The judge is a hypocrite. If somebody shot him in the stomach, he'd blindly fight like hell, too. In this case, he wants us to believe that we must all behave like lobotomized sheep no matter what the police do. How about dragging in the Louima case? And any prior questionable decisions on the job of the officer in question. The rational officer would call for back up. This officer over reacted. You just don't do that when you carry a loaded gun.
We had a case like that here. An 18 year old African American man in a car, unarmed. He panicked when the police wanted him to get out of the car (who could blame him now). The officer STOOD IN FRONT OF THE CAR WITH HIS GUN DRAWN. WOuld you get out of the car? Hell, I wouldn't. And the officer had no reason to think the young man was armed. That's the kicker. Witnesses (all black) said that the female officer accompanying the shooter kept urging him, "Just shoot him. Just shoot him." The officer did. Right through the front windsheild and into the kid's face. The kid died instantly. And for what? Driving a few miles too fast? Puh-leeze. If he had been white and living on the wealthy white side of town, he would have gotten a slap on the wrist. Certainly not shot. The law, as it is practiced all over this greatly declining country of ours, is biased.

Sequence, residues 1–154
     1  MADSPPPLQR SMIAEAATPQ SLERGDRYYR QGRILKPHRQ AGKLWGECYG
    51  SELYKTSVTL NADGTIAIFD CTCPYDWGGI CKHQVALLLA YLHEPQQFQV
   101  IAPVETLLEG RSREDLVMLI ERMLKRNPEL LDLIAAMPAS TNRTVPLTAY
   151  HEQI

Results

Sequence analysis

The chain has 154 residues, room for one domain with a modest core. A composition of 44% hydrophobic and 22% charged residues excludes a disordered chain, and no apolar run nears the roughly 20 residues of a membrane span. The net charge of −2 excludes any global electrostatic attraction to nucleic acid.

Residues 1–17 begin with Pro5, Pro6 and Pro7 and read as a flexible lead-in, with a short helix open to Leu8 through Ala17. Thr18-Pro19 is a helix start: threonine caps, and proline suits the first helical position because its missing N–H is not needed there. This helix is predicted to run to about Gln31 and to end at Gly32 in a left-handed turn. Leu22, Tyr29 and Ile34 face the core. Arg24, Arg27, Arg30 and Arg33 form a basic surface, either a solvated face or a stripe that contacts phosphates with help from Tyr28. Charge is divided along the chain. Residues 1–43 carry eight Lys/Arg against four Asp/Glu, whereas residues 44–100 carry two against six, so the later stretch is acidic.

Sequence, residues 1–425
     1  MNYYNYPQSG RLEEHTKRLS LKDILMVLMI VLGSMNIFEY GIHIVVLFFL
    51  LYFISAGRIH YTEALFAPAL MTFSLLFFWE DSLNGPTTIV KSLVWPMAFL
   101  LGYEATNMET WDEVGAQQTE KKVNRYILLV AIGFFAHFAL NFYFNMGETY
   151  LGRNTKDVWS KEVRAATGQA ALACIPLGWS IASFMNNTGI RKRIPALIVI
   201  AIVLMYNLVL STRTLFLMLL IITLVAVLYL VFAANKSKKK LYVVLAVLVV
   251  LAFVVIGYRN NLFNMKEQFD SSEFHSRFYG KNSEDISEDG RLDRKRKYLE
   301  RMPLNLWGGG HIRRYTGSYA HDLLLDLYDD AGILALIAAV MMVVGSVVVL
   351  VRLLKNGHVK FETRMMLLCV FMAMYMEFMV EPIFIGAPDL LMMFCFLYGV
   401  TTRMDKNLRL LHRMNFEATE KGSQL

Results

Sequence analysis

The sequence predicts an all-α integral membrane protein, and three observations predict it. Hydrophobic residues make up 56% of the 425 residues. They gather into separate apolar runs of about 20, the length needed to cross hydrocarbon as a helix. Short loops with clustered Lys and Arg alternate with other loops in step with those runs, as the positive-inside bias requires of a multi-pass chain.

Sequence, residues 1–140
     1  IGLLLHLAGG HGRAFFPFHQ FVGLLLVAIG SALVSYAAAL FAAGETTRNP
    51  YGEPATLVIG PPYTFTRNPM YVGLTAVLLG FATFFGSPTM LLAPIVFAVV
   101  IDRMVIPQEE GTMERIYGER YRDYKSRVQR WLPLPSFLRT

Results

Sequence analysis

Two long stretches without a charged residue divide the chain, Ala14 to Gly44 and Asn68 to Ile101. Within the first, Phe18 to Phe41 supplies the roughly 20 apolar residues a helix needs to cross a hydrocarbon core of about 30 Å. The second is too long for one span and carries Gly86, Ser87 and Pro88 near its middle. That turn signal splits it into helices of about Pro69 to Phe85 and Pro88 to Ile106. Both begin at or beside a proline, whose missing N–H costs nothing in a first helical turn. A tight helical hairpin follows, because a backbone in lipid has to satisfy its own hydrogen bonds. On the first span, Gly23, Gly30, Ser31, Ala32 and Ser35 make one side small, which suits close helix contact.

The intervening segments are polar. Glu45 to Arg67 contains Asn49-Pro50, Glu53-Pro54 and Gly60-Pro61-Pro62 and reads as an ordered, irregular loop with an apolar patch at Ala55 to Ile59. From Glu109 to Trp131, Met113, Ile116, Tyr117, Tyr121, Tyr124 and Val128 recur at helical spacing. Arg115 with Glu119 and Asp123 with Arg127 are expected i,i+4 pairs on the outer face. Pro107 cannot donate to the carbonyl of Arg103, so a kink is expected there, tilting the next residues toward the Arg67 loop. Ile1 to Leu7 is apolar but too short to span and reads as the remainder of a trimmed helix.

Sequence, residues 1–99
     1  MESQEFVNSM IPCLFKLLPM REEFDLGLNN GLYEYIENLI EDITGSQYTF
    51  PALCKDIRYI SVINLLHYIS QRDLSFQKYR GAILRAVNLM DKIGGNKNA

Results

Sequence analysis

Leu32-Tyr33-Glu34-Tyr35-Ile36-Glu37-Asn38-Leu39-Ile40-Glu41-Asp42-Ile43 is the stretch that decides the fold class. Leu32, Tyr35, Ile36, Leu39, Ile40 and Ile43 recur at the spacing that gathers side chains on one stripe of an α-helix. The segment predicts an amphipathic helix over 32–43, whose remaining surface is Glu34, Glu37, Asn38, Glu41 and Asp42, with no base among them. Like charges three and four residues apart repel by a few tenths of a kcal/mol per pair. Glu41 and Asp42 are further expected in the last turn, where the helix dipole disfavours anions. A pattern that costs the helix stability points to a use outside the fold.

There was a hearing. The officers are still on the job. They were re-assigned to a new neighborhood for THEIR safety. How unjust.

This would not be the first case where a Judge wrongly instructs the jury to disregard evidence presented. Mind bothering though, how is it possible to disregard something that was already presented. The mind is such that once it has recorded the information it stays there, we cannot just erase it. So the issue is not only with the Judge but also the jury. Although, instructed to disregard the evidence, aren’t they supposed to be using their common sense (if they had any) when dealing with sensitive issues as someone’s life or freedom? I also believe that it would have been a far better solution for the officer to call for back up. It has become so easy these days to just shoot someone. It seems that life doesn’t have value anymore and officers are taking the easy way out by shooting the victim.